Under the Improper Payments Elimination and Recovery Improvement Act (IPERIA) of 2012, agencies must periodically review and identify programs that may be susceptible to significant improper payments. The Child and Adult Care Food Program (CACFP), which reimburses program providers for nutritious meals and snacks served to eligible enrollees for care in child care centers, day care homes, and adult day care centers, is subject to this review. This feasibility study focuses on meal claims made by CACFP family day care homes (FDCHs). According to the United States Department of Agriculture (USDA), Food and Nutrition Service (FNS), FDCHs served more than 458 million meals and snacks in FY 2018 to approximately 4.63 million children.
FNS administers CACFP through grants to states. Independent centers and sponsors sign agreements with states to assume administrative and financial responsibility for CACFP operations. Sponsors ensure that FDCHs meet the CACFP eligibility criteria, comply with applicable Federal and state regulations, and offer training and support to providers. Sponsors receive and verify meal reimbursement claims, submit claims to state CACFP offices, receive reimbursement payments, and distribute payments to FDCHs
Providers at FDCHs offer a safe, home-based day care setting for families and provide CACFP eligible children with access to nutritious food meeting USDA dietary guidelines. To participate in the CACFP, FDCHs must be supported by a sponsor; abide by the policies and procedures of USDA, the state agency, and the sponsor; attend sponsor and state agency training; and participate in monitoring visits.
The purpose of this feasibility study is to design and test a data collection method that enables FNS to estimate improper payments (IP) due to meals claimed improperly by FDCHs participating in CACFP. Specifically, the study focuses on accurately measuring meals that are claimed but not served. If feasible, the data collection method needs to be viable for potential national-level implementation.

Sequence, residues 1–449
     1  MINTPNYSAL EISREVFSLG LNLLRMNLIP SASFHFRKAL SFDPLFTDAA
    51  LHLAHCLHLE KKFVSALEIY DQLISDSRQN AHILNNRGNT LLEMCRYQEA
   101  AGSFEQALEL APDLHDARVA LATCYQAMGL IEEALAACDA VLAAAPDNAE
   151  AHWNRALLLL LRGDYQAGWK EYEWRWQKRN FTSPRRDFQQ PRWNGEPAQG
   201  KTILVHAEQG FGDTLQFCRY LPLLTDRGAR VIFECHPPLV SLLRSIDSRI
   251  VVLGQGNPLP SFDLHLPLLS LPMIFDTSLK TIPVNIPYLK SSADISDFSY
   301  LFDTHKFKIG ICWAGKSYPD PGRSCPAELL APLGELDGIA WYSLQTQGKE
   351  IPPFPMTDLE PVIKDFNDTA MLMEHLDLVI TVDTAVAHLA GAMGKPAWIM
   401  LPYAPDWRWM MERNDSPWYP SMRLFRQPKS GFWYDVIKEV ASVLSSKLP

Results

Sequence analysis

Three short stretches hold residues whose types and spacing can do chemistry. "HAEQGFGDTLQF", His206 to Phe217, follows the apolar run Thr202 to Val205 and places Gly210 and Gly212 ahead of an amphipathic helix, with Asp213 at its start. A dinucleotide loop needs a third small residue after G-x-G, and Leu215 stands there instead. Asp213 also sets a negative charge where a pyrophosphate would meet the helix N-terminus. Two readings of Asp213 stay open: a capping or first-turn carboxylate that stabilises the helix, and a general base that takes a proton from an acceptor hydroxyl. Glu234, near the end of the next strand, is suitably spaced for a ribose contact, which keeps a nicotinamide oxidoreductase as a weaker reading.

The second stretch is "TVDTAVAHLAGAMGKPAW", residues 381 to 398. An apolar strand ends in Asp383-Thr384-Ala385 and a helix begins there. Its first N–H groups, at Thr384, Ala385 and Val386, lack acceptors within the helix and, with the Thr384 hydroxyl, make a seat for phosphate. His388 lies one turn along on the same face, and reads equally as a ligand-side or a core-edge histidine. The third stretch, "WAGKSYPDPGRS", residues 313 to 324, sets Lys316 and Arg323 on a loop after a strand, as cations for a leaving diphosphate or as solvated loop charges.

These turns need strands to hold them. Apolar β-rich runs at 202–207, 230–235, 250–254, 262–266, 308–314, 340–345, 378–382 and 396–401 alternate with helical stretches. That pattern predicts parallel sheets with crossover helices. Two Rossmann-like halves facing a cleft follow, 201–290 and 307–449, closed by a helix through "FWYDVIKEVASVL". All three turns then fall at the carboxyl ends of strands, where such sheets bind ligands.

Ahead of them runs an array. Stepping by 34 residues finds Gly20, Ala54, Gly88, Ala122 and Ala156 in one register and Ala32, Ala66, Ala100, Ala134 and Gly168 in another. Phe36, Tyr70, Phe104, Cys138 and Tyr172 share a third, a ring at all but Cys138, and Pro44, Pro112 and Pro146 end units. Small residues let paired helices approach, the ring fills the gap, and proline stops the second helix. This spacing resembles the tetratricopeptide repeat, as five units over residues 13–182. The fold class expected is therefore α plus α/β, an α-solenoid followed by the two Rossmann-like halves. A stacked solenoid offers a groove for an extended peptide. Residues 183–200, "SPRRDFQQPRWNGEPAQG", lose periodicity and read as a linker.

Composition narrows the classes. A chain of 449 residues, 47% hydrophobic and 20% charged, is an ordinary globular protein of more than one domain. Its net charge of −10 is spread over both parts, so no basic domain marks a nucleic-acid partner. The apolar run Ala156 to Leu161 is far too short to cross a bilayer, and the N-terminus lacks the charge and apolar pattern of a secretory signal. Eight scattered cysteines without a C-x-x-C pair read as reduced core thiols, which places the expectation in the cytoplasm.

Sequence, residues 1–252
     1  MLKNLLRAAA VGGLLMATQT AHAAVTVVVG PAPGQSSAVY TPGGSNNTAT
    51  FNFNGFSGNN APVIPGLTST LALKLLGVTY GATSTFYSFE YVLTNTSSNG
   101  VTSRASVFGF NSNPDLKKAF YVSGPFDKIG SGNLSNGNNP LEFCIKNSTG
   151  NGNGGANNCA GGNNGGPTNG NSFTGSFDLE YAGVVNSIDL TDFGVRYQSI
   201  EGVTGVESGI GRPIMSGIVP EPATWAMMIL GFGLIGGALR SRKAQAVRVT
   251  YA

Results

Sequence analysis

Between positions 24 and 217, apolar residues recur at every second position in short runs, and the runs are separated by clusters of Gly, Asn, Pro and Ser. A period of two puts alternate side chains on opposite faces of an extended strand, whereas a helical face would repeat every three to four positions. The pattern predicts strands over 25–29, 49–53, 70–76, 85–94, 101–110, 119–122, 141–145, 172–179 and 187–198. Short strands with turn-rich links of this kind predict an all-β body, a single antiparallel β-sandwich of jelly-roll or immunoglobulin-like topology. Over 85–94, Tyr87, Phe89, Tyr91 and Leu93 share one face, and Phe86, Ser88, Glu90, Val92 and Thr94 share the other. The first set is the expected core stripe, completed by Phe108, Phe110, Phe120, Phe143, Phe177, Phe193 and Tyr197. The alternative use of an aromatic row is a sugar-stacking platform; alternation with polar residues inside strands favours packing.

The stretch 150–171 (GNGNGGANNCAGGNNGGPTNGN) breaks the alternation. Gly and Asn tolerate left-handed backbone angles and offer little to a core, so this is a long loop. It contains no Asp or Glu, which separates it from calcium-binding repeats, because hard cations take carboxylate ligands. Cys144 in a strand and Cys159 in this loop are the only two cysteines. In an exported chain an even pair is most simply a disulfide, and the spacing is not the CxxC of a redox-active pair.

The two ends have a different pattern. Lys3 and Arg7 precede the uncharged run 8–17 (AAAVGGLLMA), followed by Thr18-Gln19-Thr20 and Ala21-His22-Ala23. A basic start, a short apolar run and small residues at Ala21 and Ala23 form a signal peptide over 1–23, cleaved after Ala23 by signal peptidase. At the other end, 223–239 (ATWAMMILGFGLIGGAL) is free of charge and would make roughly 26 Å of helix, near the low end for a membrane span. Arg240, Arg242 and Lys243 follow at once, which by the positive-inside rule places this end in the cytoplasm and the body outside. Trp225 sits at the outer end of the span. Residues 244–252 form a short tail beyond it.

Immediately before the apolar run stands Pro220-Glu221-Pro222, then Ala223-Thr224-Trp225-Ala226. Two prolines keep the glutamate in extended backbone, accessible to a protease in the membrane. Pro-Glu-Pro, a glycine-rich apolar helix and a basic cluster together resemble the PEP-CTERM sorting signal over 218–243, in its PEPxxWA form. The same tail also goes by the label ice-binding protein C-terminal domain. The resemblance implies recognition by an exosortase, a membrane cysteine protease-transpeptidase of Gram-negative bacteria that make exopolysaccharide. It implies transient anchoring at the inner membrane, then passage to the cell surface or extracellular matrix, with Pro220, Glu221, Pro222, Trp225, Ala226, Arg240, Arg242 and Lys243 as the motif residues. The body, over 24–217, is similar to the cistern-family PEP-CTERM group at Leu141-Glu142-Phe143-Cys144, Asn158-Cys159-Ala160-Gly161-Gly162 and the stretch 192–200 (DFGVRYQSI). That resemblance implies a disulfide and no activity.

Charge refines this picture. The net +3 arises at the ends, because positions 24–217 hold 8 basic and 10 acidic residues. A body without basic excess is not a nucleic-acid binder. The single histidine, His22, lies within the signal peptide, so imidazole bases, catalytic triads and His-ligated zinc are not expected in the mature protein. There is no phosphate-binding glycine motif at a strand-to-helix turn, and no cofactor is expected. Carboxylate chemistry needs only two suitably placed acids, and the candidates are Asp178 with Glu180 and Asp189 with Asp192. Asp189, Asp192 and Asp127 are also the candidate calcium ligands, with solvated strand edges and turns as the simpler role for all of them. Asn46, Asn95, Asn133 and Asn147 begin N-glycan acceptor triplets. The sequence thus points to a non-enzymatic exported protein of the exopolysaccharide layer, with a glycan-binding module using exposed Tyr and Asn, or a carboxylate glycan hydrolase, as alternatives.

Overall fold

To fulfill the study purpose, FNS contracted with Manhattan Strategy Group to design, develop, and test the use of digital instruments to facilitate the verification of meal claims. These instruments, the Meal Service Reporting System (MSRS) and the Child Attendance Reporting System (CARS), collect accurate meal-serving and child-attendance information from FDCH providers and parents without intruding into the routine practices of FDCH homes. MSRS allows providers to report meal-serving times for each child in attendance through a user-friendly smartphone mobile application or a website alternative. It does not replace current procedures that providers use to file their monthly meal claims. CARS allows parents to report daily drop-off and pick-up times of their children through a simple real-time text messaging system. We used data collected from MSRS and CARS, in combination with secondary data collected from sponsors, to approximate IP through data triangulation and an experimental study. We tested our data collection methods on a random sample of FDCHs in two states to determine the validity of the method. We analyzed data collected from this field test to estimate the magnitude of improper claims that may result in IP and calculated the expected dollar amount of IP.
This report describes the design and development of MSRS and CARS, the implementation of the two instruments in a field test, and the estimates of IP based on data collected from the field test. We discussed the prospective applicability of the methods and recommendations for a national scale-up study.